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How to achieve lead-time reduction

Quick Response Manufacturing (QRM) is what every manufacturer dreams of. Here’s how one manufacturer of plastic parts and components, from disposable packaging to high-end medical parts for MRI equipment, is using QRM to achieve significant lead-time reduction.
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Quick Response Manufacturing (QRM) is what every manufacturer dreams of. Here’s how one manufacturer of plastic parts and components, from disposable packaging to high-end medical parts for MRI equipment, is using QRM to achieve significant lead-time reduction.

It started in 2009, when Nicolet Plastics of Mountain, WI, observed that the major multi-national firms were increasingly moving their high volume, minimally complex molded business offshore to avoid rising costs at home. The company also observed that although the high-volume business was leaving, the low- to moderate-volume business was not. Management recognized the marketplace’s focus on long-run production optimization offered an untapped opportunity in the low- to moderate-volume market. To remain competitive, the firm elected to exploit its strength in excellence at complexity and turn market weaknesses into opportunities. It began looking for manufacturing philosophies that supported the needs of short-run, complex-part customers.

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That is when Nicolet Plastics discovered a solution right in its own backyard. Quick Response Manufacturing is a consortium between the manufacturing industry and the engineering school at the University of Wisconsin. It was developed and published by founding director, Rajan Suri, who defines the program as the pursuit of the reduction of lead time in all aspects of a company’s operation, embracing a relentless emphasis on time reduction that has a long-term impact on every aspect of the company.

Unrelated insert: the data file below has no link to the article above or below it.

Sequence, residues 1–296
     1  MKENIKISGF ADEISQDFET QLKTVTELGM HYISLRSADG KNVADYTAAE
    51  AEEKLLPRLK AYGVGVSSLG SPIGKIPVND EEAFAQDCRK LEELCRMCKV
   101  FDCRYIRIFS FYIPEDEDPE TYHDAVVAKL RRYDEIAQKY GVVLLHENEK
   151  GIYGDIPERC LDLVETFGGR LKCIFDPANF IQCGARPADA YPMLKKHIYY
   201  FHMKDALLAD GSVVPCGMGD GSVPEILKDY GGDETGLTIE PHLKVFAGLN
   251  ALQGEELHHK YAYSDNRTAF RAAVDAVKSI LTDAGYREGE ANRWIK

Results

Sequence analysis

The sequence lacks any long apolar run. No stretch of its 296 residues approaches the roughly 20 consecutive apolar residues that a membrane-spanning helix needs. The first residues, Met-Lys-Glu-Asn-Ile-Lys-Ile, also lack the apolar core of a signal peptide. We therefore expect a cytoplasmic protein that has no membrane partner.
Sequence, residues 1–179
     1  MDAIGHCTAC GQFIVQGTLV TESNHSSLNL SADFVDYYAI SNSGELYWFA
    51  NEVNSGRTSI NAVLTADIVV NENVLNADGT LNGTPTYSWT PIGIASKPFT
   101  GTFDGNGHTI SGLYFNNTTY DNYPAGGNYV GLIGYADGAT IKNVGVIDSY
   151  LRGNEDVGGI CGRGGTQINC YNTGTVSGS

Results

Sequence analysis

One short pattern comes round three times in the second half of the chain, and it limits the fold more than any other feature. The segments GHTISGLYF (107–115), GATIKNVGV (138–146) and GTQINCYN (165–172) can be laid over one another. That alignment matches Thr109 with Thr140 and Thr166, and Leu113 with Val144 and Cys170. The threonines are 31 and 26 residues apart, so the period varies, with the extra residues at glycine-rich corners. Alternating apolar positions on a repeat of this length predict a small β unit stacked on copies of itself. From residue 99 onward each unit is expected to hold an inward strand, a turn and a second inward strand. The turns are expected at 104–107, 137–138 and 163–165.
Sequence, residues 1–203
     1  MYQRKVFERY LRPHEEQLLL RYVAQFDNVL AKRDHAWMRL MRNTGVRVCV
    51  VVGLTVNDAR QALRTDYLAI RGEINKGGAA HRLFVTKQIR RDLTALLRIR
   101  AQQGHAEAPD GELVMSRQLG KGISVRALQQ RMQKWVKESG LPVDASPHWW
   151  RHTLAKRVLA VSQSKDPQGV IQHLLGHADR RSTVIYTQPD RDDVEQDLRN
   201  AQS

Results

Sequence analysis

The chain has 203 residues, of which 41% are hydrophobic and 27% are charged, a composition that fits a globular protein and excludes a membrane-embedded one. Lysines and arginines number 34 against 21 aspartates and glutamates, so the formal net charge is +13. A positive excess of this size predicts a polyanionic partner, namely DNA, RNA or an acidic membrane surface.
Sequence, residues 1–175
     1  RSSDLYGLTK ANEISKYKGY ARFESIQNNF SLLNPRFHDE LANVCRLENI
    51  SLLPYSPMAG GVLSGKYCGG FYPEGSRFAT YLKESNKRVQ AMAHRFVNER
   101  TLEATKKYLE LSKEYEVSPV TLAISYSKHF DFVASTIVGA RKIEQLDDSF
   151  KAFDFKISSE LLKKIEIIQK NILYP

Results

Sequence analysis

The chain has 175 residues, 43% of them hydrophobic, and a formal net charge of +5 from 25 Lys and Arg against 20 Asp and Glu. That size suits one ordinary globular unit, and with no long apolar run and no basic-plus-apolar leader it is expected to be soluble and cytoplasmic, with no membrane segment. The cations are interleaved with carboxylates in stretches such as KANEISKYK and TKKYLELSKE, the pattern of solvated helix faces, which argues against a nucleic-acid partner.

For Nicolet Plastics, the key to making the QRM program work was two-fold: Company-wide acceptance of operational change and the business and manufacturing tools found in EnterpriseIQ, a manufacturing ERP and MES system from IQMS. Before embarking on this new initiative, Nicolet Plastics established a few goals:

  •  Reduce total order to delivery time of parts by 14 days (from 21 days to 7 days)
  •  Reduce finished goods inventory
  •  Be able to respond to unexpected changes in demand without a degradation of service
  •  Develop a cross-trained workforce for flexibility, including the creation of a cross functional quick response office cell
  •  Reduce last shot (last good piece) to first shot time (first good piece) by 50 percent
Step one was to ignore job titles and employee categories by defining the talents and skills required for an ideal shift on the production floor. A skills matrix was built, including both soft skills (interpersonal, ability to succeed in a team environment) and hard skills (technical abilities, intelligence), including gaps between the target skills mix and the actual. With this thought process in mind, Nicolet Plastics immediately saw crossover. An employee previously defined as an operator might also be able to clean out a hopper, a skill that crossed over into materials handling. Once defined, Nicolet Plastics evaluated its employees in terms of skill levels through written and practical testing to determine competency levels and establish training necessary to create an ideal shift.

A credentialing program was established in house and employees were rewarded for technical abilities and willingness to learn new production and process-related skills. New pay ranges were defined for each skill level, so as employees progressed in their ability to handle more complex issues, value to the company increased and so did wages. To date, 120-plus hours per employee have been logged over a three year period, equivalent to a week of training for every employee since this initiative began.